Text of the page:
In 1920, a Jewish family moved from New York to Union City, Tennessee. It was a novel enough occurrence that, nearly a century later, their story has been adapted into a musical, called "Jew Store," which is coming through Nashville this weekend.
And while the name may sound provocative, it also illuminates an often forgotten piece of Southern history.
The story departs from the typical narrative about Jewish immigrants in the early 1900s, which usually focuses on people who moved from Europe to Manhattan, lived in packed tenements, worked in factories and slowly moved up in the city.
"But what happened was, a lot of those Eastern European Jewish immigrants actually didn't necessarily stay in New York," said Jay Kholos, the writer and director of "Jew Store."
The musical is based on a 1998 memoir of the same name by Stella Suberman. Kholos was struck by Suberman's parents' unconventional decision to move to Union City, a rural part of West Tennessee where they were clearly outsiders.
"This is the true story about a family that opened up a dry goods store and dealt with people that had never really seen a Jewish person before, let alone met one," he said.
As both the memoir and musical relay, the family was worried about acts of anti-Semitism, which did occur. They had some scares from the KKK and faced discrimination when trying to find a location for their new store. But they were also worried about cultural isolation — being in a place where no one else around was like them.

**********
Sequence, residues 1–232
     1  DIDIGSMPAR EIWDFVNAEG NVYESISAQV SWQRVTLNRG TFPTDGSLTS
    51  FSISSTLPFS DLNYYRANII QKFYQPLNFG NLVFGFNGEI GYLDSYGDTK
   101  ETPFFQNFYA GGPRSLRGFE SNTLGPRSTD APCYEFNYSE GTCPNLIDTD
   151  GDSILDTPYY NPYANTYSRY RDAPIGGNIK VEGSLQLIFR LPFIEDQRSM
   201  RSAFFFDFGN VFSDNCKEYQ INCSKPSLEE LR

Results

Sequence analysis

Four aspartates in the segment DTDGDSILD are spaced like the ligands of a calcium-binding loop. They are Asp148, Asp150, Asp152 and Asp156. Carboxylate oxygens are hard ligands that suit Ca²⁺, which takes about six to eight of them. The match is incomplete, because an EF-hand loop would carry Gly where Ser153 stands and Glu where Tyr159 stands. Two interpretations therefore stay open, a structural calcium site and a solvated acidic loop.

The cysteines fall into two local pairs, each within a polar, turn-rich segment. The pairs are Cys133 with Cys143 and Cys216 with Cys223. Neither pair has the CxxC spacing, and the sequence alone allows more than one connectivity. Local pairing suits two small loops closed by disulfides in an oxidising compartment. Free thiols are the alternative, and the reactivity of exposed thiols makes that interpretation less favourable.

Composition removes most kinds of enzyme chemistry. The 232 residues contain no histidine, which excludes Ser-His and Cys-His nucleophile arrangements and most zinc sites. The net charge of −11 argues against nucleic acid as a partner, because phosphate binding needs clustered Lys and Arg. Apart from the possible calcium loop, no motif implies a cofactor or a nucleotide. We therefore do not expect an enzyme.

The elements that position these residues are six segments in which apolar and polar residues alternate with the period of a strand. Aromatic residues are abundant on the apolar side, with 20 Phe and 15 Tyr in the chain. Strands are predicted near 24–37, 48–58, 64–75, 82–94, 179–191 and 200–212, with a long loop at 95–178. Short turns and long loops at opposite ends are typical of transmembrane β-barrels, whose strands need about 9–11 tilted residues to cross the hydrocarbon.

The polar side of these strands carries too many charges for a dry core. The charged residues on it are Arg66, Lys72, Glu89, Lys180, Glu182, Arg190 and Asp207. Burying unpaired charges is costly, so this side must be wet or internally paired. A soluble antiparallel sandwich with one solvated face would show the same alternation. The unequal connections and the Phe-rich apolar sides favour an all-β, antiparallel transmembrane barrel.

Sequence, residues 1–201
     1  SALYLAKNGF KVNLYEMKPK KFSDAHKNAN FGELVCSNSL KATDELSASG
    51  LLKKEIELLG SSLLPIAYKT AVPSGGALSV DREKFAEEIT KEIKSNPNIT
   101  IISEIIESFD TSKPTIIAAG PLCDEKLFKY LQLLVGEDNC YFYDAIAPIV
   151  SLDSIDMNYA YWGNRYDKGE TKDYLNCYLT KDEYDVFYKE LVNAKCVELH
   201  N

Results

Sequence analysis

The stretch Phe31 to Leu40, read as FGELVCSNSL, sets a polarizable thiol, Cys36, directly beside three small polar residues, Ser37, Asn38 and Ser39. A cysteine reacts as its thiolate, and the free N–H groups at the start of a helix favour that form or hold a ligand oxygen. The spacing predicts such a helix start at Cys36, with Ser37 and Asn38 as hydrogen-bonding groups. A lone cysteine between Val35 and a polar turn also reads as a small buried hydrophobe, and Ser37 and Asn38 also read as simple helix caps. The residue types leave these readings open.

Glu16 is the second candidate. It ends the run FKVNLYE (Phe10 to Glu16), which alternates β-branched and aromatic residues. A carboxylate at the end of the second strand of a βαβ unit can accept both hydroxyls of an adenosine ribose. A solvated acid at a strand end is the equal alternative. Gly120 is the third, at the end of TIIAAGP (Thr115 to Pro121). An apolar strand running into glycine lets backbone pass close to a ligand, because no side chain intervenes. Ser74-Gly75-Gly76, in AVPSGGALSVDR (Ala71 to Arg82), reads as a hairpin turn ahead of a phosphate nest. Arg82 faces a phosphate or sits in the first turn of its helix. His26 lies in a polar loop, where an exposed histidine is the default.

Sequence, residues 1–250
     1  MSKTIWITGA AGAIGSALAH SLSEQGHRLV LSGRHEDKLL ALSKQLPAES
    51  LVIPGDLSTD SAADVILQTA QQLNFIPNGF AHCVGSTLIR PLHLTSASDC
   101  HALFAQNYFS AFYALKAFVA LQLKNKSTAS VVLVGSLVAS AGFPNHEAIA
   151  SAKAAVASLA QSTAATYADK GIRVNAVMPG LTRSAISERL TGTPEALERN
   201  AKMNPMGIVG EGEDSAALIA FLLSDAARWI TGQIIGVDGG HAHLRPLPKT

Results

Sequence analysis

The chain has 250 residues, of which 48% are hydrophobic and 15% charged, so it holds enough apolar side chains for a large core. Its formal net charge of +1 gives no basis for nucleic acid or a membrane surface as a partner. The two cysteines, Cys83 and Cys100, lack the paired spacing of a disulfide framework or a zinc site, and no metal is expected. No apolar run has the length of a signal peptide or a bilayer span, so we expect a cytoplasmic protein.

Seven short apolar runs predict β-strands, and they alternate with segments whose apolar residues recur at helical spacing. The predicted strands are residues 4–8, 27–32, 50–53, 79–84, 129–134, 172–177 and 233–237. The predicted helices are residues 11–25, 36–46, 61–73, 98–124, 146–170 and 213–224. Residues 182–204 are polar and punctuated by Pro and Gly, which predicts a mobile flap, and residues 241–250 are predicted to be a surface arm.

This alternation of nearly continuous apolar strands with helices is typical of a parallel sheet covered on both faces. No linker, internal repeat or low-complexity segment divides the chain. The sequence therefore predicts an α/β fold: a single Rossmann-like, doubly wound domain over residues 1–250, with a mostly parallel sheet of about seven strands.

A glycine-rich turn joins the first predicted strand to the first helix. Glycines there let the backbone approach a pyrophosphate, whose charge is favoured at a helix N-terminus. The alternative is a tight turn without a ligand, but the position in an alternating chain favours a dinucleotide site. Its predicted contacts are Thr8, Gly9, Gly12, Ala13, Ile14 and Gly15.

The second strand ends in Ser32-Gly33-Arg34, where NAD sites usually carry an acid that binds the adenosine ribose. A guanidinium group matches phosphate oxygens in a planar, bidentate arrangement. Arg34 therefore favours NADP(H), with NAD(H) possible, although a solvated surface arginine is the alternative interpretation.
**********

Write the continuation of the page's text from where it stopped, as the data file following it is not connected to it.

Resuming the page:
"The mother never wanted to leave New York," Kholos said. " 'What's going to happen with Joey? Will he be Bar Mitzvahed? Will Miriam meet a nice Jewish boy? Not in a town where we are the only Jewish people.' "
In one musical number, "A Glass Of Tea," the mother laments the fact that she can't sit down for a drink with the rabbi's wife — a usual activity for her — because there's no rabbi in town.
Kholos says he was drawn to the name of the memoir when he first heard about it. Calling something a "Jew store" sounds cringe-worthy by today's standards of language, but this really was what some people called their local Jewish merchants back then. And it wasn't just in Union City — these pockets of immigration and commerce popped up across Tennessee, the South and rural America in general, according to the Institute of Southern Jewish Life.
Rick Suberman, Stella's son, says his mother's memoir resonates with a large swath of people who remember this era. It even resonated with Dolly Parton, who, according to Suberman, bought and held the film rights for several years.
"Every little town in the South had a Jew store," Suberman said. "When I talk to my non-Jewish friends, they still know this store. I mean, in some places, they still exist. It's everybody's history in the South."
Even for those who aren't familiar with this slice of history, Kholos says the story is perpetually relevant — one of religious acceptance among neighbors winning out over intolerance and fear.
The musical runs in Nashville on Dec. 9 and 10 at the Gordon Jewish Community Center.